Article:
Human 2'-phosphodiesterase localizes to the mitochondrial matrix with a putative function in mitochondrial RNA turnover

Publikation: Forskning - peer reviewTidsskriftartikel

The vertebrate 2-5A system is part of the innate immune system and central to cellular antiviral defense. Upon activation by viral double-stranded RNA, 5′-triphosphorylated, 2′–5′-linked oligoadenylate polyribonucleotides (2-5As) are synthesized by one of several 2′–5′-oligoadenylate synthetases. These unusual oligonucleotides activate RNase L, an unspecific endoribonuclease that mediates viral and cellular RNA breakdown. Subsequently, the 2-5As are removed by a 2′-phosphodiesterase (2′-PDE), an enzyme that apart from breaking 2′–5′ bonds also degrades regular, 3′–5′-linked oligoadenylates. Interestingly, 2′-PDE shares both functionally and structurally characteristics with the CCR4-type exonuclease–endonuclease–phosphatase family of deadenylases. Here we show that 2′-PDE locates to the mitochondrial matrix of human cells, and comprise an active 3′–5′ exoribonuclease exhibiting a preference for oligo-adenosine RNA like canonical cytoplasmic deadenylases. Furthermore, we document a marked negative association between 2′-PDE and mitochondrial mRNA levels following siRNA-directed knockdown and plasmid-mediated overexpression, respectively. The results indicate that 2′-PDE, apart from playing a role in the cellular immune system, may also function in mitochondrial RNA turnover.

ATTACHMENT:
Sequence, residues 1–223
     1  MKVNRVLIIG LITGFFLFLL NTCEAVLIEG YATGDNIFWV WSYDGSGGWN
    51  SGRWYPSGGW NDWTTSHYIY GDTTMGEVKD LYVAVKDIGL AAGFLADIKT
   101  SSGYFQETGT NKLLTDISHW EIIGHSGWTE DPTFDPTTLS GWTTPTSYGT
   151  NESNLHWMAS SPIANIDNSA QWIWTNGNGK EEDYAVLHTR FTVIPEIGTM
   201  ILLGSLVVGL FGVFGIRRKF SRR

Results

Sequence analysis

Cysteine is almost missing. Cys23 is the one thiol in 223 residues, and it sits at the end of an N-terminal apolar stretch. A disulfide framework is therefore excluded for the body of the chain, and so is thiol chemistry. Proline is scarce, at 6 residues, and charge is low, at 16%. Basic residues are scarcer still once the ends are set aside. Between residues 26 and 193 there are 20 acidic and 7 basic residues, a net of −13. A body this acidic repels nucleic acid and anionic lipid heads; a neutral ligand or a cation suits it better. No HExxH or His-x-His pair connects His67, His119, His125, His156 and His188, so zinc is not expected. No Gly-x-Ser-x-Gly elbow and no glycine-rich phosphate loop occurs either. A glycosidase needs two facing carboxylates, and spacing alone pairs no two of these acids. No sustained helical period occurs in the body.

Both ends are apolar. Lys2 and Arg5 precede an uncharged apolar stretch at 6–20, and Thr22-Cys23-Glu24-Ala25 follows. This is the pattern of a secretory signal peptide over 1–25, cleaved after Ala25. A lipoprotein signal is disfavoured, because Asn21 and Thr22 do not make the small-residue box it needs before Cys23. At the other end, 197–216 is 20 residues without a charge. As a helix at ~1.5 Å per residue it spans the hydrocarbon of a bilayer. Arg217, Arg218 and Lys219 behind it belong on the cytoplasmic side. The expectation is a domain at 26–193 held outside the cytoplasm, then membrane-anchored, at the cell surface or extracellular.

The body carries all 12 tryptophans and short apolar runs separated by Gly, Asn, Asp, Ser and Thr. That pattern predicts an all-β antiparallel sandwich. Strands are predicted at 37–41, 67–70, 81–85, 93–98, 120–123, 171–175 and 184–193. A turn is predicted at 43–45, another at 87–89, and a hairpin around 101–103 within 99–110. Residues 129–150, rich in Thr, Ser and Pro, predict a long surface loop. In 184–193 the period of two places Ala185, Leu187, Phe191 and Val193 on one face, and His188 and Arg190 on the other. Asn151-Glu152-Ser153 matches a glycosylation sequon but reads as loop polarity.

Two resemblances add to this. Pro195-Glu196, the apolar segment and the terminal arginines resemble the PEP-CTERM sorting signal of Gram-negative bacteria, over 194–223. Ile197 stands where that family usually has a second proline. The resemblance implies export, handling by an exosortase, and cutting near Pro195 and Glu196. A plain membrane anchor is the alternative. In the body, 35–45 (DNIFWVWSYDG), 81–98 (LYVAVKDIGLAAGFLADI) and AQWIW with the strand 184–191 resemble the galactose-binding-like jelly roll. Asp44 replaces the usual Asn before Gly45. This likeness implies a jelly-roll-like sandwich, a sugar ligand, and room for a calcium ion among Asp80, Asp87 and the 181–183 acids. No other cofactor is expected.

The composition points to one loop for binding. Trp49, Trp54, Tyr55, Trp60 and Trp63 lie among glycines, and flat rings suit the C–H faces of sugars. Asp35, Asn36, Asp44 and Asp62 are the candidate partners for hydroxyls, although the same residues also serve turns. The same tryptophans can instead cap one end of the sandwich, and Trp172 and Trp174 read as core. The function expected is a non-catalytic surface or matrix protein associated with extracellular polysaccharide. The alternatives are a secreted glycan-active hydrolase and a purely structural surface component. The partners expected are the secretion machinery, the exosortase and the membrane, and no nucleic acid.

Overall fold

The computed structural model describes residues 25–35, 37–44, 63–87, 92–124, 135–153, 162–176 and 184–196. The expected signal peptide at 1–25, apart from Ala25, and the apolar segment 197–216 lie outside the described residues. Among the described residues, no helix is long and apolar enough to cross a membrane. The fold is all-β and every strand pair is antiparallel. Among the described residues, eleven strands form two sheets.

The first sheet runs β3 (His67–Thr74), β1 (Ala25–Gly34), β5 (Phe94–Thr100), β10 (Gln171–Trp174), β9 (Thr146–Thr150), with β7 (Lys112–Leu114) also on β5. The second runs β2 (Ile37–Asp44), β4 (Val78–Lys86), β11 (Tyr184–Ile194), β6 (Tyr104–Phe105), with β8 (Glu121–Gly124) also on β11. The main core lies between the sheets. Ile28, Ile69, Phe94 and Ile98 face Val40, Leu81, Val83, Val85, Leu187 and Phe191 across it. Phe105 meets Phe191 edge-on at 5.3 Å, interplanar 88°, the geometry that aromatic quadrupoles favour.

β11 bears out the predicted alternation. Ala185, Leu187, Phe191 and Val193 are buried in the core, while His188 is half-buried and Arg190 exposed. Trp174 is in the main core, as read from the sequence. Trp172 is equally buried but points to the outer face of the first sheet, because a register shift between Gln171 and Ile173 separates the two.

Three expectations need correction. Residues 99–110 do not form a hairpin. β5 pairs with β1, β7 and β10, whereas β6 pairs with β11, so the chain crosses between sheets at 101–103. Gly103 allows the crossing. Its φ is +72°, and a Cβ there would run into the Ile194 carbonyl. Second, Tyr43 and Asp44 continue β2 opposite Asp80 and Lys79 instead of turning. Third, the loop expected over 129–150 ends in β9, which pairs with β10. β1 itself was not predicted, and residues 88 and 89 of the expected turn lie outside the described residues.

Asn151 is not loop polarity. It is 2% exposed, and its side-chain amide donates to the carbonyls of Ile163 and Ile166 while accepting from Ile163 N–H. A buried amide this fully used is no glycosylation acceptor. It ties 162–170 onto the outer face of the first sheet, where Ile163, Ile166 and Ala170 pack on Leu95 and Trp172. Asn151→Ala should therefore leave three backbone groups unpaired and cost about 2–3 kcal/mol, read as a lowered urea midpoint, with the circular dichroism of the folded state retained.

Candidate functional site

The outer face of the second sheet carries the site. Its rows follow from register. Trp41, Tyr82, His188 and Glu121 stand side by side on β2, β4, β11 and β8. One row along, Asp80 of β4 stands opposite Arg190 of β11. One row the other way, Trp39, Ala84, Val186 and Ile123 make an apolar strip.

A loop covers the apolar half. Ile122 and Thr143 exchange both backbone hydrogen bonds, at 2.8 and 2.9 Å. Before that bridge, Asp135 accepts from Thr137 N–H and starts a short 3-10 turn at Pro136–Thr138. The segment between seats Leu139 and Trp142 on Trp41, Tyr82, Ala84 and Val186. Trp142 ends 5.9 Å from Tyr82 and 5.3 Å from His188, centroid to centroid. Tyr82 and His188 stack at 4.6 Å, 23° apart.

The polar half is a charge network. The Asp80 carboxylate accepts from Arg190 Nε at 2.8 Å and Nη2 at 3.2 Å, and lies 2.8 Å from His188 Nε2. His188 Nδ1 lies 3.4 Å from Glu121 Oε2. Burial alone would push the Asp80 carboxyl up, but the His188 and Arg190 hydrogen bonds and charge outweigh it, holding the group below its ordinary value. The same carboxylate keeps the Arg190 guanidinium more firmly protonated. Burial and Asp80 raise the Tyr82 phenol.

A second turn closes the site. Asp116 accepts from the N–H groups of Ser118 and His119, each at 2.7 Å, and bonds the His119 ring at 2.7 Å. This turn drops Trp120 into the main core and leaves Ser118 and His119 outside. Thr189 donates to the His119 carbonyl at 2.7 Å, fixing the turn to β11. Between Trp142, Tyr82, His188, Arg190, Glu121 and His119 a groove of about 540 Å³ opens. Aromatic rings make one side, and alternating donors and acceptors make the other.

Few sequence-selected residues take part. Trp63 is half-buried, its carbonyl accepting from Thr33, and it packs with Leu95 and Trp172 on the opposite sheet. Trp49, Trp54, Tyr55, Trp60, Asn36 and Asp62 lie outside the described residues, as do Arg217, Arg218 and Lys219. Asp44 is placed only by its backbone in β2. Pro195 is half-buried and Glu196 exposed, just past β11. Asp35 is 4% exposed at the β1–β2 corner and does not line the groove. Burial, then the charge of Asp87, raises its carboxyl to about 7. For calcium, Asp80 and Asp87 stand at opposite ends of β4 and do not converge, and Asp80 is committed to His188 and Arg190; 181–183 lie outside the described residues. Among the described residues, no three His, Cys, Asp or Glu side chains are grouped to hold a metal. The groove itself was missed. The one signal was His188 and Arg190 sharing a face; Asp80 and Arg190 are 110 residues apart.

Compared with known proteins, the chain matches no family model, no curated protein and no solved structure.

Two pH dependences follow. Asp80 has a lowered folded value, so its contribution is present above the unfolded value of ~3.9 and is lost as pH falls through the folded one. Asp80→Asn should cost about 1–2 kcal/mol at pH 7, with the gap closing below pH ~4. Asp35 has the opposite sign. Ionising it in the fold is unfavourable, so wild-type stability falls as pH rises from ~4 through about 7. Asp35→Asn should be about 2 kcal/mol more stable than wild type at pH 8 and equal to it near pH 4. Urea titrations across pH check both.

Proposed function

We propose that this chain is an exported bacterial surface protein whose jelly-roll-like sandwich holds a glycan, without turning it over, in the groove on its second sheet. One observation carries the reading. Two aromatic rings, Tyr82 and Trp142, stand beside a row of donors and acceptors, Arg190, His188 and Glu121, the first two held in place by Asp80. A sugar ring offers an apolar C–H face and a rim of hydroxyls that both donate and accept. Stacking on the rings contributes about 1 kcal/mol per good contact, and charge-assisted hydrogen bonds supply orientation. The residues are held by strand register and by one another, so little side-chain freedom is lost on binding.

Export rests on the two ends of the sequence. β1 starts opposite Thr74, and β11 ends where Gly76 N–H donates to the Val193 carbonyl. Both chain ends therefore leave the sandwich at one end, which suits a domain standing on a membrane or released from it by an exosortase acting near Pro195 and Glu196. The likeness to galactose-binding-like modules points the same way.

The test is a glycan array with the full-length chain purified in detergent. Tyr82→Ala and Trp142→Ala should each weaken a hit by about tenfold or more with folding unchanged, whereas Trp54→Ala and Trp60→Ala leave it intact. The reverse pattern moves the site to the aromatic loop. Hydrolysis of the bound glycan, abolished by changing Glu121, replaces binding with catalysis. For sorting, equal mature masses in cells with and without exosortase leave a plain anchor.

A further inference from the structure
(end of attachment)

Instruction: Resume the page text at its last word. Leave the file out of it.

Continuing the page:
OriginalsprogEngelsk
TidsskriftNucleic Acids Research
Vol/bind39
Tidsskriftsnummer9
Sider (fra-til)3754-70
Antal sider17
ISSN0305-1048
DOI
StatusUdgivet - 2011

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